DNS – The Phone Book of the Internet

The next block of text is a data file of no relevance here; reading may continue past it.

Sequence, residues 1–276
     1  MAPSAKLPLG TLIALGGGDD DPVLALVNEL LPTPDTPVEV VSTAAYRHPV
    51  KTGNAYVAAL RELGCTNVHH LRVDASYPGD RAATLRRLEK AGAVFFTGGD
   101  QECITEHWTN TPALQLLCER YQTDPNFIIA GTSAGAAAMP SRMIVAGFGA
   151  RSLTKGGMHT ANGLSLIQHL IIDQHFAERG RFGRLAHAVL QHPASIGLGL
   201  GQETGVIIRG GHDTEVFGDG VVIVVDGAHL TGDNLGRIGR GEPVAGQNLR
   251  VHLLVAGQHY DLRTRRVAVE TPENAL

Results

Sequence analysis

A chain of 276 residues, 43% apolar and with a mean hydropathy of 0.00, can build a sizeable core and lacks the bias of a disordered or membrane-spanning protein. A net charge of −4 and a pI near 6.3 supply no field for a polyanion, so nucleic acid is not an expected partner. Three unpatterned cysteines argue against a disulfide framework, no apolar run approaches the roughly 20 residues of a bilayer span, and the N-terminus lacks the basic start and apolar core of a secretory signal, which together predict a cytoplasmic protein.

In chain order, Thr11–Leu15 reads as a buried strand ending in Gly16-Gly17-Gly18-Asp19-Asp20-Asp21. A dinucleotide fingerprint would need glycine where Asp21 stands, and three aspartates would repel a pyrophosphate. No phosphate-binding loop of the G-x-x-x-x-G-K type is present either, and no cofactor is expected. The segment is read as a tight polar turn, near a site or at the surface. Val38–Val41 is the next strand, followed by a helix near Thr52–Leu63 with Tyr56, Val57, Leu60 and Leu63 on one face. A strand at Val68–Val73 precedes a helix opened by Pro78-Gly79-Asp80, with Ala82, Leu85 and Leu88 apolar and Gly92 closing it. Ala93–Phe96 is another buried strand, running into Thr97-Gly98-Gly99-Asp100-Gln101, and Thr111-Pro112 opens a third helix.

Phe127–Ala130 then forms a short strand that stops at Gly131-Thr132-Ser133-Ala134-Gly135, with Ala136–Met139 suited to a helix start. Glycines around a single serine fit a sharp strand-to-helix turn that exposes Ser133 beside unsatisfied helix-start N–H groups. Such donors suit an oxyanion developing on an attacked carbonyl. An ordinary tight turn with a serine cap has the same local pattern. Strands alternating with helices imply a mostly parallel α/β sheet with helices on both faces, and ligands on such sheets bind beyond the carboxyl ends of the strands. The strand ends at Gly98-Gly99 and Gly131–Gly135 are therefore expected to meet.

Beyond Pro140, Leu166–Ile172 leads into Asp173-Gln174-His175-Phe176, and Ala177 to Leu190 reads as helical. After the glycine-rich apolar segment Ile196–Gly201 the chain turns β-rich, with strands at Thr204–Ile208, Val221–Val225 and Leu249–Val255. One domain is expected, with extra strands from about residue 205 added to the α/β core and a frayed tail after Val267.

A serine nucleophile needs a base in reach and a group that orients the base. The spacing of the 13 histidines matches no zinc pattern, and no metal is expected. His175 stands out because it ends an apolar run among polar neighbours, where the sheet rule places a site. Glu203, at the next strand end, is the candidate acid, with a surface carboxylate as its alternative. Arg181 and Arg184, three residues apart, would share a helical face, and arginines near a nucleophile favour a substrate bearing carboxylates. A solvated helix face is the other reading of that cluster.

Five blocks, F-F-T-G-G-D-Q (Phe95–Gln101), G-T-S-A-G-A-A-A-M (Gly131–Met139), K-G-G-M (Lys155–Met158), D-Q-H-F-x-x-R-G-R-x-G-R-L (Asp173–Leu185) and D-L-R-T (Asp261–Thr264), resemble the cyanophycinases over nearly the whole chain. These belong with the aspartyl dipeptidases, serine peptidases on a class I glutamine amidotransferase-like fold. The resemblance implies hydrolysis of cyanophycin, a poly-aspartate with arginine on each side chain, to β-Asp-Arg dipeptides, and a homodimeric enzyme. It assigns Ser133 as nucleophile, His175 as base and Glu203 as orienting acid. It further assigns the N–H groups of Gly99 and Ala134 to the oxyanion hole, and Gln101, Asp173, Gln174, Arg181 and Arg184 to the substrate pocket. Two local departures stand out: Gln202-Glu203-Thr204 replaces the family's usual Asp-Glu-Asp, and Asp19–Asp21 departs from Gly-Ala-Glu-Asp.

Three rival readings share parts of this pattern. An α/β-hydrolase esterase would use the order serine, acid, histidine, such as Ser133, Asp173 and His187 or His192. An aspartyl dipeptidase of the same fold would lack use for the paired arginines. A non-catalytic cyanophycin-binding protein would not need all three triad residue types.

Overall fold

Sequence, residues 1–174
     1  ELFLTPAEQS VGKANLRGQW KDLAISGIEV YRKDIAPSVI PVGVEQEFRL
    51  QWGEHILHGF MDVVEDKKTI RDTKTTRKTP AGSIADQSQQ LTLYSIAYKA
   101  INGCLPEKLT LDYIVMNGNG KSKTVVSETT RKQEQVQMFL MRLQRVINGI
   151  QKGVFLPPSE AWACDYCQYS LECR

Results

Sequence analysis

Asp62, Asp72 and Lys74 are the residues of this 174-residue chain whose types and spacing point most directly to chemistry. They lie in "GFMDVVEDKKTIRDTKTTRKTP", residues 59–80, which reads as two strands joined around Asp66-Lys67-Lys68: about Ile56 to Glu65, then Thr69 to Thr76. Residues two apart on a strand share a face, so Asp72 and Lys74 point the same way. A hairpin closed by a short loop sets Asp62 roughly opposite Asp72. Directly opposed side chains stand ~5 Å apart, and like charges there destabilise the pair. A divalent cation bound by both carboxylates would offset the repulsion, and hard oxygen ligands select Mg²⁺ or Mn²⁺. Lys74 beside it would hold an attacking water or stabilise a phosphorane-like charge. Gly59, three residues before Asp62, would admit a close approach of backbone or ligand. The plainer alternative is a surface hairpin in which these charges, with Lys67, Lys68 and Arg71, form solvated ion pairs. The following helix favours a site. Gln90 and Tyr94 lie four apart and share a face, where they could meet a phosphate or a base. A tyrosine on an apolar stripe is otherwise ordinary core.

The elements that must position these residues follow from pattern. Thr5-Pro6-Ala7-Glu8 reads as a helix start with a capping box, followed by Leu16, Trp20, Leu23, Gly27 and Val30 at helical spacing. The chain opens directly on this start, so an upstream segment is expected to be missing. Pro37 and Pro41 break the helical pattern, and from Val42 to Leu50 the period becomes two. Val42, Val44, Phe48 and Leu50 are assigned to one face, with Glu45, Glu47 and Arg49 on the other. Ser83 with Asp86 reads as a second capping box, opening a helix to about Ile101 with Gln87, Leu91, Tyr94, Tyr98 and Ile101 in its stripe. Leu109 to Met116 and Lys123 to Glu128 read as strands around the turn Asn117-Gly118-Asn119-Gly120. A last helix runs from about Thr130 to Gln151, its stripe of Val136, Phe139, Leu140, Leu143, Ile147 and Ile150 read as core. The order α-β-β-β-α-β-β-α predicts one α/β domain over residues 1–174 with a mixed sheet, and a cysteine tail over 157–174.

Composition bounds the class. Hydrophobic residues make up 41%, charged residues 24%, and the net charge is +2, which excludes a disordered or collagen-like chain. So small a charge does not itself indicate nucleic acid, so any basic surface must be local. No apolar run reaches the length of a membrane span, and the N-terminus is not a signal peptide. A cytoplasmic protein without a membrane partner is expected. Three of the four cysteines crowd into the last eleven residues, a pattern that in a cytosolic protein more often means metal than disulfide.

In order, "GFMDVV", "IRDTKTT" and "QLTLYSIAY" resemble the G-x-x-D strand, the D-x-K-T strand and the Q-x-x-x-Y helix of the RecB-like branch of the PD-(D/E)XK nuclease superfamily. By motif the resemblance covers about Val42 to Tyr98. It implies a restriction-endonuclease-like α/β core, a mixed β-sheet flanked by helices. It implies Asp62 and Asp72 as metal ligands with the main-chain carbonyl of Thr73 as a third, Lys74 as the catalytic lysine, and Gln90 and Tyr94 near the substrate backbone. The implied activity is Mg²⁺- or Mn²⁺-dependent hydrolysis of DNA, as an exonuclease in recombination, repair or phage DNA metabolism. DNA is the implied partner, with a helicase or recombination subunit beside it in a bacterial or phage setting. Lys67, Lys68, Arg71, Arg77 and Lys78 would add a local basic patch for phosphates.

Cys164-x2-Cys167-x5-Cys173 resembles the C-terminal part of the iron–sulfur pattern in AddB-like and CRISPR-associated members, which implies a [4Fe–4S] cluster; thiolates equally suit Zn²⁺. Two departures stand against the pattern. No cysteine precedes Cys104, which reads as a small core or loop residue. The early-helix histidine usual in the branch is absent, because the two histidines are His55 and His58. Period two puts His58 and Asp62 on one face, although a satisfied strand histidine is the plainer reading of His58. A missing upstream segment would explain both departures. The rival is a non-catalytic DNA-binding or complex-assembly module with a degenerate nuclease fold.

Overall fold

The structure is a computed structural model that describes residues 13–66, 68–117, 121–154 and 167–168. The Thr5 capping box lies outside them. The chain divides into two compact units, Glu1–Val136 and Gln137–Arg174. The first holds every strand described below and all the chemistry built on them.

How many of you remember the days before Google? Back when cell phones were the size of a shoe box? Before there was even an internet! Remember the phone book? Is it weird that I miss the smell and sound of those overly thin sheets as you flip thoughts pages? Anyways, nostalgia aside, I wanted to educate my friends on 3 initials they often hear about, sometime see, and may have wondered what they meant, even if only long enough to dismiss them. DNS. DNS stands for Domain Name Server. These guys are the pieces of equipment that made the internet user friendly. They are the phone book. You see, back when the internet was just getting off of it’s feet, around 1995, ALL websites were nothing more than an IP address. There was no .com, .net, .org websites. There couldn’t be. The truth is, it is still that way but we, the user, don’t see it. All we see is google.com, gunbroker.com, or rei.com. this is all thanks to DNS. A Domain Name Server stores a massive list of website names (domains). Just like the phone book was just a list of names. Also like the phone book, the DNS has a number associated with each name. In the phone book, it was a phone number. In DNS, it’s an IP address. The job of a DNS is to provide your computer with the IP address (think phone number) to the website you’re wanting to access. That’s it. That’s pretty much it’s entire job. When you type google.com and hit enter, your computer sends a message to a DNS server and asks for the IP address to Google. The DNS finds it in it’s list (nerds call this “resolving”) and sends that IP address back to your computer. Your computer then dials the number and connects you to Google. Pretty clever! So, now when you see DNS, you know what that is and why it matters. It’s the phone book of the internet.

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